I have always loved results that find connections between previously-thought different areas of complexity. This month we highlight one of the best.
Informally a pseudorandom generator takes a small random seed and generates strings that can fool every probabilistic algorithm. To describe an extractor we start with some distribution D over strings of length n. Let p be the maximum probability of any string in D and let k = log(1/p). An extractor uses D and a small number of truly random bits to create a new uniform distribution of strings of length close to k.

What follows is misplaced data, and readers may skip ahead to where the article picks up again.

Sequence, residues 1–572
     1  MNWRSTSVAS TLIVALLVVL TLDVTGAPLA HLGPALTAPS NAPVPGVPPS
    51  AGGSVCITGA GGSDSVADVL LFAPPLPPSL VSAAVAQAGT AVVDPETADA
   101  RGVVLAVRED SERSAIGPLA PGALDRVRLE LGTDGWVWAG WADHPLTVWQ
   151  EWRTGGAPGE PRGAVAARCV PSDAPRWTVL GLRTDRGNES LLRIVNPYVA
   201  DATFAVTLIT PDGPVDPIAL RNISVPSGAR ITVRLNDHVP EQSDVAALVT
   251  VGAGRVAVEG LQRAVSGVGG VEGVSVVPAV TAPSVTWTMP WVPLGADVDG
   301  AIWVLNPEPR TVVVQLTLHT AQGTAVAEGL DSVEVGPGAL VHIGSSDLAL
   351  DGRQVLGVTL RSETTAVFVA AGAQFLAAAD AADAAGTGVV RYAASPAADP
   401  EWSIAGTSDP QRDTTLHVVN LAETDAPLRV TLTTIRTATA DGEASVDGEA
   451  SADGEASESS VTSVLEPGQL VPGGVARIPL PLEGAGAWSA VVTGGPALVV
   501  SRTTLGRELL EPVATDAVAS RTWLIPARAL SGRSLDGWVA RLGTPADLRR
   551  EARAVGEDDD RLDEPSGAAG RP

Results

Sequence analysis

Both pseudorandom generators and extractors have many uses in complexity and many papers in the field show various constructions to improve the parameters of both. Trevisan showed that one can view any pseudorandom generator as an extractor and then derives better extractors from known pseudorandom generator constructions.
Pseudorandom generators fool resource-bounded algorithms while extractors nearly uniform distributions in an information-theoretic sense. That makes this connection all the more amazing. Trevisan's paper has affected the how researchers think about and prove results in both areas.